Mar del Plata
Mar del Plata is located about 400km south of Buenos Aires, Argentina. In the summer months, December through March, the beaches are crowded with Porteños on holiday. Outside the summer months, the city is much less crowded. However there are 700,000 residents who live there year round. It is a very large city with lots to do, and not only in summer months.
Mar del Plata features an oceanic climate typical for eastern Argentina. Winters are cool though and there is an average of about 6 days where temperatures reach 0°C (32°F) in the city center and 27 in the airport. The city remains warm during the day (around 13°C or 56°F). While the annual snow line for coastal Argentina ends in places like Necochea and Bahia Blanca to the southwest (150km and 450km respectively), heavy snowfalls do occur once every 10 years. Events that involved accumulation happened in 1975, 1991, 1995, July 10, 2004, July 15 2010 and on September 11 2015, while there were flurries in September 1986, June 2007, July 2011 and August 2013. The lowest recorded temperature is -9.3°C (15.5°F) on July 6, 1988. Summmers in the city are pleasantly warm and the heat is moderated by the ocean. Values range from 14°C (56°f) to 27°C (80°F) and there are 10 days each summer when temperatures climb above 30°C (86°F). This time of the year is when most precipitation also falls, mainly between October and April. Also, keep in mind that nights can become cold even in January so bring a jacket for the night (freezing temperatures have been recorded as late as December). Days above 35°C (95°F) are very rare and the highest recorded mark is 41.6°C (106.9°F) in January 1957.
Aerolineas makes the 55 minute flight several times a day during the high season.
Daily trains arrive from Buenos Aires. The train station is about 2km from the boulevard.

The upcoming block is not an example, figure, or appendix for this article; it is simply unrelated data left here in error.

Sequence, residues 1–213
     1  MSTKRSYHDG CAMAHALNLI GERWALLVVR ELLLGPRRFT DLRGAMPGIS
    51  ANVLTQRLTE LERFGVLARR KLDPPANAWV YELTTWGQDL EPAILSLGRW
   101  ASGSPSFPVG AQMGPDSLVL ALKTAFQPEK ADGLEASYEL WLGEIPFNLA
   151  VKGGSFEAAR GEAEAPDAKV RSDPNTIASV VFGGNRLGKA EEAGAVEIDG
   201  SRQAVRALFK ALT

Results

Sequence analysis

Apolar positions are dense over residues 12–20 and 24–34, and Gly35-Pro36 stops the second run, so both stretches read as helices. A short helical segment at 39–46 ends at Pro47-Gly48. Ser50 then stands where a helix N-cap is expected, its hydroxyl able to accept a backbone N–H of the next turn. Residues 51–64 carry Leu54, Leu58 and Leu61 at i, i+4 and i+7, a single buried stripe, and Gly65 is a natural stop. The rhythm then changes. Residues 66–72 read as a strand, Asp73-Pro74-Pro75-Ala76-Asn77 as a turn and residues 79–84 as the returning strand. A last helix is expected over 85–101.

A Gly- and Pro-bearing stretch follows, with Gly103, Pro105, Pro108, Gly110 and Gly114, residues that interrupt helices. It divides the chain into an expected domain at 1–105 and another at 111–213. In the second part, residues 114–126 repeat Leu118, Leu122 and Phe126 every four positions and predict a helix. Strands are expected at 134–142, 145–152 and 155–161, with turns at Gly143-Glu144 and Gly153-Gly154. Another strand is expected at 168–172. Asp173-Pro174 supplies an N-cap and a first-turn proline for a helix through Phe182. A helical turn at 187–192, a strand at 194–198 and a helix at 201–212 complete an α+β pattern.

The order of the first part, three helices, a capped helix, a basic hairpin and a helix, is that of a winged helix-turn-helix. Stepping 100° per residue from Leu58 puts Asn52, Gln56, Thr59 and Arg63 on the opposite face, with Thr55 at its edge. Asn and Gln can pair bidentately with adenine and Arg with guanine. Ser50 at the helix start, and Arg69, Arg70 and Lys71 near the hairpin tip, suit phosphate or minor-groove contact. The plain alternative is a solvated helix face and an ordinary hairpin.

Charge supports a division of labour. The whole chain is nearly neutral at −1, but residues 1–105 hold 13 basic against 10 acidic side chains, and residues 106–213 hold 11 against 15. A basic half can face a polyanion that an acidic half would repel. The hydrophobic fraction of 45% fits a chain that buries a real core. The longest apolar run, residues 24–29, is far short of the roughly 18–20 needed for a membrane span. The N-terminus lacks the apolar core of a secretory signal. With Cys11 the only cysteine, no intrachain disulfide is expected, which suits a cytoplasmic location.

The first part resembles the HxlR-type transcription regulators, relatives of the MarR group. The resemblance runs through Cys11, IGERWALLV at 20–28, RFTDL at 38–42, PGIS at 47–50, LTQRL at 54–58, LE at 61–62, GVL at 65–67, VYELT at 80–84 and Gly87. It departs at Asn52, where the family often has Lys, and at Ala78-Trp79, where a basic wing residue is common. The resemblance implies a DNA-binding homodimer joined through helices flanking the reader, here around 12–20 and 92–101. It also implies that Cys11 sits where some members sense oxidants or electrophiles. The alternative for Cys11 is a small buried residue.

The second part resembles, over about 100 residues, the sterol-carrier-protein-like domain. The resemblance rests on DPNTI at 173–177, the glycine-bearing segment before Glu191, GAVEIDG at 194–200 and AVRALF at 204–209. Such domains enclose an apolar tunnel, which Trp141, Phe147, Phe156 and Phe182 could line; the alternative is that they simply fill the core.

Buses are faster than trains, and incredibly clean. It's 5.5 hours from Buenos Aires (Retiro Station) and costs 900-1100pesos. Argentina has inflation and prices change every month. Find in web page www.plataforma10.com to get an idea of the actual prices.
Manuel Tienda Leon Colectivo service is available at the Buenos Aires Airport for around 1000 Pesos one way. The trip is 5 hours through the Argentine Pampas and scenery wise it is very boring - bring a book or a pillow.
Taxis are very cheap,is about 5 USD each 4 kilometers (year 2010) take into account that Argentina has +/- 45% annual inflation , prices change in ARS but remain the same in USD. Cabs drivers are plentiful, and pretty honest. There is a local bus network very large , you need a bus card in order to use it, it can be bought in terminal bus or in bus office (usually in downtown) and reloaded in drugstores. Another transportation service is Remisse , is like a cab with a discount , you have to call "the remiseria" , a sort of small terminal with a operator at phone. Almost for sure , no one speaks english , so be ready to make signs or talk in spanish with the drivers. If you want to walk, Mar del Plata is perfect , it has 28 kilometres of coast with lights and pavement and is pretty safe.